Under Secretary for Acquisition, Technology and Logistics Ashton Carter wrote in his Feb. 24 F-35 Program Restructure Acquisition Decision Memorandum (ADM) implying that the Joint Estimating Team (JET II) voluntarily complied with Carter’s revisions of its own recommendations: “A Revised JET II estimate was made presuming the program restructuring identified in [Carter’s] Review, and it forms the basis of the restructured schedule and budget. The Revised JET II estimate projects a 13-month slip where a 30-month slip was previously forecast.” (See page 2 of the ADM at http://www.dodbuzz.com/wp-content/uploads/2010/03/Carter-F-35-REstructure-Memo.pdf.)

Based on what I had been hearing from well informed insiders about the JET II team and Under Secretary Carter, I was deeply skeptical that it was entirely accurate that the JET II team voluntarily rewrote its recommendations to conform with the results of Carter’s officially designated “Review.” And yet, I had no proof, especially not at the March 11 hearing at the Senate Armed Services Committee hearing when Carter and his Director of Capabilities Assessment and Program Evaluation Christine Fox, and a representative of the JET II were all present. Had there been a questioner there able and willing to press Carter or Fox on this matter, a difference might have shown up, but alas, there was no such questioner.

The new GAO report on the F-35, “Joint Strike Fighter: Additional Costs and Delays Risk Not Meeting Warfighter Requirements on Time,” (Find it at http://www.gao.gov/new.items/d10382.pdf.) more than darkens my suspicions; in fact, it seems to confirm them. Page 10 of the report reads: “For the budget projection, cost estimators used the JET data through fiscal year 2015 and then applied current program office assumptions on manufacturing span times and expected learning curves to estimate total procurement funding requirements through completion of acquisition in 2035. A JET official said these program office assumptions were overly optimistic and that the JET analysis suggests a more moderate gain in learning over time as well as longer manufacturing span times and other assumptions.”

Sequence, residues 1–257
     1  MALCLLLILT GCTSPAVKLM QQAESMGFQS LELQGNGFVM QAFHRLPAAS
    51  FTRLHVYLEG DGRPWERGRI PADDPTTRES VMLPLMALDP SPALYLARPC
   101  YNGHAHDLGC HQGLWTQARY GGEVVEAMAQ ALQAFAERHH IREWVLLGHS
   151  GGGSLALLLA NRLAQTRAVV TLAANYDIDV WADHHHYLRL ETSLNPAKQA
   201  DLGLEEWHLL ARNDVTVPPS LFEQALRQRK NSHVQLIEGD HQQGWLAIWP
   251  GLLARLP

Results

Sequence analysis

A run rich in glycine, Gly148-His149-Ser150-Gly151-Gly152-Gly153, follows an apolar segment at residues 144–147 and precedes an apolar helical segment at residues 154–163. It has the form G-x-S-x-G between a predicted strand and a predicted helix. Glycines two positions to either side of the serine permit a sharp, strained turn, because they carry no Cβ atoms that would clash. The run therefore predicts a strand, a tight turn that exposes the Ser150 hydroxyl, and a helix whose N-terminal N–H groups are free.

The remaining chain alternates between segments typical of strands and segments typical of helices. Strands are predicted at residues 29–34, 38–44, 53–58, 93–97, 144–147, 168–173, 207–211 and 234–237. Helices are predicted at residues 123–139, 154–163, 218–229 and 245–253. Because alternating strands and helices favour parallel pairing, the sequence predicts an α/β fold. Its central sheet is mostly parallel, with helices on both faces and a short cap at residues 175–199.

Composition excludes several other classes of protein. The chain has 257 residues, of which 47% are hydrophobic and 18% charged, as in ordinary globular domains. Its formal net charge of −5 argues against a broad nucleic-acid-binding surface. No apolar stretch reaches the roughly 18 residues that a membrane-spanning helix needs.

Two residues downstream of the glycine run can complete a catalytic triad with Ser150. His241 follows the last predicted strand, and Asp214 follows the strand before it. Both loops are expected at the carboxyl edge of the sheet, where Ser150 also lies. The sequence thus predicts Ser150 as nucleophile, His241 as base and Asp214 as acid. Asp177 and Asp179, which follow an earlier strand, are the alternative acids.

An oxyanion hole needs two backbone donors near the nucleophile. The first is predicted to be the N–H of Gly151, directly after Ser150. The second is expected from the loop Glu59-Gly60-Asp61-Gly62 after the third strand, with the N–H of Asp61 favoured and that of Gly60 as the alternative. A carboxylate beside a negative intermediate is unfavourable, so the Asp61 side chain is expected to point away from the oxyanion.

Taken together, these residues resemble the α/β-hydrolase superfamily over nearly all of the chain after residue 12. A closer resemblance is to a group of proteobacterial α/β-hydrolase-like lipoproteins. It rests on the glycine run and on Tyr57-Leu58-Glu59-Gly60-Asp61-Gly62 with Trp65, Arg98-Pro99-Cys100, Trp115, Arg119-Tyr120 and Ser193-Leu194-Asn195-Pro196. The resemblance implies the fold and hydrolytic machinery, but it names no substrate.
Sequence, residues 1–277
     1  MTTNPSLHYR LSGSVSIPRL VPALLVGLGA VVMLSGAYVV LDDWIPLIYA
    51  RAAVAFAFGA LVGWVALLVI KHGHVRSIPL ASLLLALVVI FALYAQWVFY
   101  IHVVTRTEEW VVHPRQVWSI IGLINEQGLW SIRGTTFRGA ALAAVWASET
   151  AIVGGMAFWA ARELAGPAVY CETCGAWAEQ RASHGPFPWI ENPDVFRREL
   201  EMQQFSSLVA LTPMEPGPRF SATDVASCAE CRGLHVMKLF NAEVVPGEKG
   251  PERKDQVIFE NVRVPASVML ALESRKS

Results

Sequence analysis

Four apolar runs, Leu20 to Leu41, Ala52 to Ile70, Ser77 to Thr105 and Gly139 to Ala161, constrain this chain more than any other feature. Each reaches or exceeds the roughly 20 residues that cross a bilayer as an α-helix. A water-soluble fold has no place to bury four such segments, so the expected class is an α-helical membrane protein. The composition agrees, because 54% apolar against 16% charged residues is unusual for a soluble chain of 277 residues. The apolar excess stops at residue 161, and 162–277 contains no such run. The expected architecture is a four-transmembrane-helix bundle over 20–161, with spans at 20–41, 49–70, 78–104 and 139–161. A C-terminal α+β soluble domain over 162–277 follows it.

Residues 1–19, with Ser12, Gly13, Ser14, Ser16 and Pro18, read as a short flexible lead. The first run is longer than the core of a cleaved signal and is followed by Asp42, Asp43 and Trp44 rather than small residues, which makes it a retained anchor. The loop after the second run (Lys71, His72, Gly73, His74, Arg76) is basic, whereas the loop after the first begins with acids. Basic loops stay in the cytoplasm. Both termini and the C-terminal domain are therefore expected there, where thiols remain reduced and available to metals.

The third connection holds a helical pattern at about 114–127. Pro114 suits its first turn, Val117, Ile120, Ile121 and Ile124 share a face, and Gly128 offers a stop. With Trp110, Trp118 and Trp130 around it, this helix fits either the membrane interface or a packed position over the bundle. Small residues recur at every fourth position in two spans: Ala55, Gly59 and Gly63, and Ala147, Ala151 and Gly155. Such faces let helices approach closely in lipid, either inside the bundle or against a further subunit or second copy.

In other words, the Carter Review concocted a hybrid of the JET II’s first five years of analysis with that of the program office’s more optimistic version of things. Put another way, Carter cooked the numbers by diluting the JET II’s analysis with the system advocates’ predictions. That a member of the JET II team had the character to so inform GAO with a more distinguished description also reveals a difference between the JET II and Carter that the press is yet to discuss. That the usually bureaucratically cautious GAO (where I worked for nine years) revealed the dispute­ is also significant.

GAO also reveals that the JET II was not alone in viewing Carter’s Review as limp wristed: “NAVAIR’s October 2009 cost assessment estimated total procurement costs of $314 billion—$41 billion more than the 2011 budget submission, an increase of about 15 percent with a corresponding increase in unit costs [above Carter’s assertions].” (See page 10.)

The revealing GAO report also states that cost increases above those estimated by Carter should be expected (See page 19.), as well as more delays. (See page 22.)

Thus, Carter is contradicted not only by the JET II (which he tried to glue to his own hip) but also NAVAIR’s and GAO’s analysis.

If we know anything from the history of the Joint Strike Fighter Program, we can safely predict that DOD’s predictions are pure hokum, if not worse, and that we should listen closely to the independent voices inside DOD (in this case JET II and NAVAIR), especially when they are confirmed by outside independents, such as GAO. We can also safely conclude that Under Secretary Carter’s blandishments are every bit as reliable as his predecessors’.